As someone entering graduate school this fall, this is something I would like to know.

For undergraduates, I know that professors generally want students to show very rigorously and clearly their chain of reason when writing proofs. This generally includes showing things that are "obviously" true.

How is proof writing generally done at the graduate level for homework and tests? On one hand, I don't want to be too terse. At best I could come across as arrogant and at worst points could be deducted.

On the other hand, showing too much could be bad. It would waste valuable time on an exam, and the professor's time grading it. It may also come across as pedantic.

So is there a rule of thumb of what can be said to be "clearly" true? Or would it be very specific to both the course and the instructor?

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    $\begingroup$ If you're expected to know it, and it's true, you can probably just mention the concept without presenting the proof. That said, I have had substantial test score disagreements with professors over this. The best thing to do is consult with your professors regarding their expectations. $\endgroup$ – Emily Jun 5 '14 at 16:32
  • $\begingroup$ Also, don't use "clearly" or "obviously." If you find yourself falling upon one of those words, stop, gather your thoughts, and be sure. It is the fastest way to a wrong proof. $\endgroup$ – Emily Jun 5 '14 at 16:33
  • $\begingroup$ I'd say it is 100% dependent on the professor. Typically things that are proven in class can be considered proven and done, but professors are people and people can be cray-cray. $\endgroup$ – Carser Jun 6 '14 at 4:08

Definition of "clearly true" depends a lot on the professor. I'd say there's no hard and fast rule of what changes when you go to grad school. Some facts do not have to be proven anymore, but other facts have to be treated more rigorously.

I remember being shocked at first getting a C from a prof who was really a neat-picker. I did adjust eventually.

I would start a bit conservatively (meaning writing a bit more down) but wait for the feedback from the prof. Better yet, talk to him/her in the beginning and try to see what his/her particular demands are. Maybe show him/her samples. Usually profs like being talked to.

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    $\begingroup$ Definitely talk to them! Although I'm an undergraduate student, there are numerous times when I've done proofs and skimmed over certain assumptions and still received full credit by virtue of the fact that my professor understands I'm aware of them (because more often than not I'll nitpick the proofs he gives us in class for not specifically identifying certain presumptions made). $\endgroup$ – Pockets Jun 5 '14 at 16:42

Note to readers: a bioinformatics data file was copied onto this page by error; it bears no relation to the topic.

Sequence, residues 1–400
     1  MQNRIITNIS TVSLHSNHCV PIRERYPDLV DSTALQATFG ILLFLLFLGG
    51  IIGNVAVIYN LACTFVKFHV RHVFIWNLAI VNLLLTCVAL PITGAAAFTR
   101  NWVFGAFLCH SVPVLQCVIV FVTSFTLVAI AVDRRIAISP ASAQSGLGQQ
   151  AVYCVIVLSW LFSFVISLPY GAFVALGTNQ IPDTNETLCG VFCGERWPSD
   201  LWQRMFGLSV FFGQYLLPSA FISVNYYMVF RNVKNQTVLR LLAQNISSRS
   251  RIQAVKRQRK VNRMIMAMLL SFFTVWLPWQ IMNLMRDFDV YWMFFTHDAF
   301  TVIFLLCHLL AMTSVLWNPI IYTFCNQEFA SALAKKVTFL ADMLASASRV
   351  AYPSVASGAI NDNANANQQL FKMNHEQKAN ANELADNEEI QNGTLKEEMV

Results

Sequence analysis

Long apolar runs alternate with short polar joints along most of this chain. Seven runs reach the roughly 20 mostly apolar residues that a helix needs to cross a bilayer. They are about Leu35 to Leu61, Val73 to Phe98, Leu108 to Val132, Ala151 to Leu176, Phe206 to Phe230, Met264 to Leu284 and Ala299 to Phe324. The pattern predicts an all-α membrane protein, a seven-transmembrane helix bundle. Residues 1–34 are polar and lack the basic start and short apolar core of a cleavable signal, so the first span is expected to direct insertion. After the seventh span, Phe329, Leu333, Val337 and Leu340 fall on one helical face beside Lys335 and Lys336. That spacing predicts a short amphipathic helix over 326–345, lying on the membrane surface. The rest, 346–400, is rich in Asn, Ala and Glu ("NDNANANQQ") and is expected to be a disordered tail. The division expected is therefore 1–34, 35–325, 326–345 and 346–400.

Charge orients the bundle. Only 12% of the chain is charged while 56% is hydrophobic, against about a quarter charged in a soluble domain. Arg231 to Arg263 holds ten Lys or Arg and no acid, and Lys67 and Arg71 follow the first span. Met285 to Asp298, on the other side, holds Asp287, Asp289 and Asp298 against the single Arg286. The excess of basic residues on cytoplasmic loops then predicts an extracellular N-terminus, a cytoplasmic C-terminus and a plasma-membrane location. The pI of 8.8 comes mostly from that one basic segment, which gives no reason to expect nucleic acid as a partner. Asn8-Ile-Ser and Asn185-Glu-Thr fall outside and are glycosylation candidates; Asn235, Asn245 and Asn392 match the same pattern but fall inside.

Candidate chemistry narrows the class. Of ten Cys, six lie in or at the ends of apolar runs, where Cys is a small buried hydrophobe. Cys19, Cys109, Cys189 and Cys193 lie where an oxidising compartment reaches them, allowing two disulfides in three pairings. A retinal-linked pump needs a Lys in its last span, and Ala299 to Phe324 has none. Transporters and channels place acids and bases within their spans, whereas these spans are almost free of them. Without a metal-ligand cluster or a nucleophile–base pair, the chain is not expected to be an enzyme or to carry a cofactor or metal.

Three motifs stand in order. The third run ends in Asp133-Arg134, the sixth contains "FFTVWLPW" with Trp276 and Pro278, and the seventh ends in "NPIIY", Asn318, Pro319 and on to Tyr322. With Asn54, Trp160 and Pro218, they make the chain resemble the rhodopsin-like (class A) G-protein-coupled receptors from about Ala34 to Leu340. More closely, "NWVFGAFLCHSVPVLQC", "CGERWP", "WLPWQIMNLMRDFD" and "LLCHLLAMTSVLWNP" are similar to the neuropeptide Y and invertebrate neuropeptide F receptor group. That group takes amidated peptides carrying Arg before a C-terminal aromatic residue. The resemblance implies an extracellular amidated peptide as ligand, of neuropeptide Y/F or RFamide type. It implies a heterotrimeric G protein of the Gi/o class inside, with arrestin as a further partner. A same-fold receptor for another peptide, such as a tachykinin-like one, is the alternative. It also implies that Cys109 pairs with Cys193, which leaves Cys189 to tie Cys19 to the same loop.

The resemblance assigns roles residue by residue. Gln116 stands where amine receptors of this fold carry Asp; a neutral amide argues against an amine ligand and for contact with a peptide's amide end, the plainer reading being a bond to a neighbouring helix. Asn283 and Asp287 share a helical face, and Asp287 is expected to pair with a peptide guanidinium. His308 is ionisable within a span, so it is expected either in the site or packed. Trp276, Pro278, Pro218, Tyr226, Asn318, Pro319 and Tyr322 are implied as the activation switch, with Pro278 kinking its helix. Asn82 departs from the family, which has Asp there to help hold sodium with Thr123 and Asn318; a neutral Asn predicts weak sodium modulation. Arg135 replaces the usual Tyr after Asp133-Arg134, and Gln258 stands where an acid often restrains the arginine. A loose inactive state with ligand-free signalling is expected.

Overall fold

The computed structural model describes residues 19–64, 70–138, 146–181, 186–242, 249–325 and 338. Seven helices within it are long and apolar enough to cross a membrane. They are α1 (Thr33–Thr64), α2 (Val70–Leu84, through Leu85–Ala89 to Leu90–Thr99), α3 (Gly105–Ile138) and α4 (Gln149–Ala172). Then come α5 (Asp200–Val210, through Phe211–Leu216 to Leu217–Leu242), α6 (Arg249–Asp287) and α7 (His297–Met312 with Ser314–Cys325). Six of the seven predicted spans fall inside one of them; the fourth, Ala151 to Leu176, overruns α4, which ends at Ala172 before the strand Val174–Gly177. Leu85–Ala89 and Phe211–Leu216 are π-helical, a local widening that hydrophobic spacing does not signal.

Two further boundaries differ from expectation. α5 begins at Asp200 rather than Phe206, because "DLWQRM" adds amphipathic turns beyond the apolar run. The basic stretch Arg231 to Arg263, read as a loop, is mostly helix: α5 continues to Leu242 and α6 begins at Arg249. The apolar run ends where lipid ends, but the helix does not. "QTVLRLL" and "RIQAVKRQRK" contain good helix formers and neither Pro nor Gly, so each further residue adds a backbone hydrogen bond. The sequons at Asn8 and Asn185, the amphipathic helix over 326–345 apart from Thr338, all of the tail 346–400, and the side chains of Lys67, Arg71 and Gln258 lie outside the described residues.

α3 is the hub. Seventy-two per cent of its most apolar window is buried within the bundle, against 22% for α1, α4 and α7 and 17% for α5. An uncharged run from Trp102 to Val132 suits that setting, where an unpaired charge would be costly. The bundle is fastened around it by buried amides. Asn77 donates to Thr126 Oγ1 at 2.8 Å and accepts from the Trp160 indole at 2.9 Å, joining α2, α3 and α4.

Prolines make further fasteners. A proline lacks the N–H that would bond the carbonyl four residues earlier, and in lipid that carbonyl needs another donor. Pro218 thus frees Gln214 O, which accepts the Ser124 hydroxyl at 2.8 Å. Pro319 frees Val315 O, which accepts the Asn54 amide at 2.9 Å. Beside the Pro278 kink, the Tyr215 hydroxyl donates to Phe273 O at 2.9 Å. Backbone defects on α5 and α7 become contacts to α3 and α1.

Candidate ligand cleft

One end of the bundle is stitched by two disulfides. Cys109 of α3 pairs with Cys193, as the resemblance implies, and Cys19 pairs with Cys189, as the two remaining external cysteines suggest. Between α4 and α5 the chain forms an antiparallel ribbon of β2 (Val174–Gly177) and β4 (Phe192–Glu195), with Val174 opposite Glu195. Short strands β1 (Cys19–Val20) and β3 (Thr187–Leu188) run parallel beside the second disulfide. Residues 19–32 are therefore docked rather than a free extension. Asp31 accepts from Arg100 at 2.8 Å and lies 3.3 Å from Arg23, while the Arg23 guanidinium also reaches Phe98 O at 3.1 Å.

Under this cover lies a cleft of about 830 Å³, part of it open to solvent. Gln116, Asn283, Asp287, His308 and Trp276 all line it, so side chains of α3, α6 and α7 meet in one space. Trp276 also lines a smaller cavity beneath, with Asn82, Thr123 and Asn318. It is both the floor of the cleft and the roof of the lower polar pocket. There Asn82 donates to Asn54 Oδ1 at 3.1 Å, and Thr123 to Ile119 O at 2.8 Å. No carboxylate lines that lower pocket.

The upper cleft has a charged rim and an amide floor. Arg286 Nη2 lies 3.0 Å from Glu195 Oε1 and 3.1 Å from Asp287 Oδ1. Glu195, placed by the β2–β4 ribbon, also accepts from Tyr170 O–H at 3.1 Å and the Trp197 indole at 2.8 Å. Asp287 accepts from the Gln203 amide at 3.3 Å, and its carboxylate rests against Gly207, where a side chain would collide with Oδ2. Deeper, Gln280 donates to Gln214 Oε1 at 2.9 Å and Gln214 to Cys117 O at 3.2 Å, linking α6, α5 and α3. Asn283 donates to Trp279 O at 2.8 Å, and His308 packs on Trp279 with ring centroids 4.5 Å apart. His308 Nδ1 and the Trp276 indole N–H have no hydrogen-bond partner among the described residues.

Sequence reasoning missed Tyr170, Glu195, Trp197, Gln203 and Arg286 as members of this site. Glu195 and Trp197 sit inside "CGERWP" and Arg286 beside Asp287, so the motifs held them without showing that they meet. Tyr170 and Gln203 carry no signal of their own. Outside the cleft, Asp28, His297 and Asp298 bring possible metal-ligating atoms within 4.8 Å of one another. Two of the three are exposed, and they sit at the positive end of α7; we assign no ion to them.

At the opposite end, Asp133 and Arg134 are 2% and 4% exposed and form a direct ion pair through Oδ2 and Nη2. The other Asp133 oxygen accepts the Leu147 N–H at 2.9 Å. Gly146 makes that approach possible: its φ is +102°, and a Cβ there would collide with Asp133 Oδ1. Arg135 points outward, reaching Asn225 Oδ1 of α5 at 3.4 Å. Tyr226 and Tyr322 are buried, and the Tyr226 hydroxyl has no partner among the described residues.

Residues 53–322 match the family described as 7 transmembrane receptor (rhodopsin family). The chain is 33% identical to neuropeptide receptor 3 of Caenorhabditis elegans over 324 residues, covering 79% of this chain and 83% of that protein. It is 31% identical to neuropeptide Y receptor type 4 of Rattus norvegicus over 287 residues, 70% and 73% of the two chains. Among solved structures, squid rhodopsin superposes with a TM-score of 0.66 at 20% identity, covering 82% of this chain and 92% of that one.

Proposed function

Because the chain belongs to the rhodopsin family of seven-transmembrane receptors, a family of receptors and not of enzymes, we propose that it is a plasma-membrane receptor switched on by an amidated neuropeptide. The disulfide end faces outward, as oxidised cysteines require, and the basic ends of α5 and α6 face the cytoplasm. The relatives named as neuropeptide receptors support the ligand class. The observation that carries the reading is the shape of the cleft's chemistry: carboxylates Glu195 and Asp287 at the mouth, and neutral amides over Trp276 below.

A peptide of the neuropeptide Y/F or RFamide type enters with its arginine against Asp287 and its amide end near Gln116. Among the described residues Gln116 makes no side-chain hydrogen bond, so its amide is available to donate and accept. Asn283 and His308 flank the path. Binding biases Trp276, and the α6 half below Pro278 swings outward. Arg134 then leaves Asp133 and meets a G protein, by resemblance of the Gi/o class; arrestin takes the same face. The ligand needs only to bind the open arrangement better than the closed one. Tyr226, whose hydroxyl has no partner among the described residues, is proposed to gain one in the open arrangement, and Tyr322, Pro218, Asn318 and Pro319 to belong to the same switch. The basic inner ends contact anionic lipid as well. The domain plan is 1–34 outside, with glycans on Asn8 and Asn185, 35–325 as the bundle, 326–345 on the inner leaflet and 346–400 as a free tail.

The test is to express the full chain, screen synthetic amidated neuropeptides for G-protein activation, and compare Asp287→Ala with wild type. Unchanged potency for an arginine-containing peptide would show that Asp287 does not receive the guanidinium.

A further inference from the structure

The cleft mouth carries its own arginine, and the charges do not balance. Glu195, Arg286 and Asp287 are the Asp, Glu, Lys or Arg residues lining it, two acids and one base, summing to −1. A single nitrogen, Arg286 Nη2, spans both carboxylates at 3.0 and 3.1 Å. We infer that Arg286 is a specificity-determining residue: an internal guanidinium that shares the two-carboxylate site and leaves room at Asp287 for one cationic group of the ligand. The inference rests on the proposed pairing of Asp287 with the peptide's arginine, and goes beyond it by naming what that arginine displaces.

I have no experience whatsoever as a math student since high school, so feel free to downvote this answer or whatever.

I would look at papers the professor has written, especially papers co-authored with other mathematicians. Aren't university professors supposed to publish or perish? Maybe some of the topics will be way over your head. But I would look for phrases like "it is easy to see" or "it is obvious that" such and such.

Lastly, and this is just me guessing, anything you could reasonably expect a decent high school student to know can probably be omitted from a proof at the university level.

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    $\begingroup$ Most published papers aren't really intended for first year grad students or people not familiar with the field, so it isn't a good indication. $\endgroup$ – Batman Jun 6 '14 at 4:04
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    $\begingroup$ Published papers are written to a completely different standard compared to the grad school homework, exams etc. Think about a PhD thesis (usually near 100 pages) and papers from it (maybe 3-4 times shorter). You don't prove most well-known things in a published paper, but you might be expected to in a grad student paper. $\endgroup$ – PA6OTA Jun 8 '14 at 15:31

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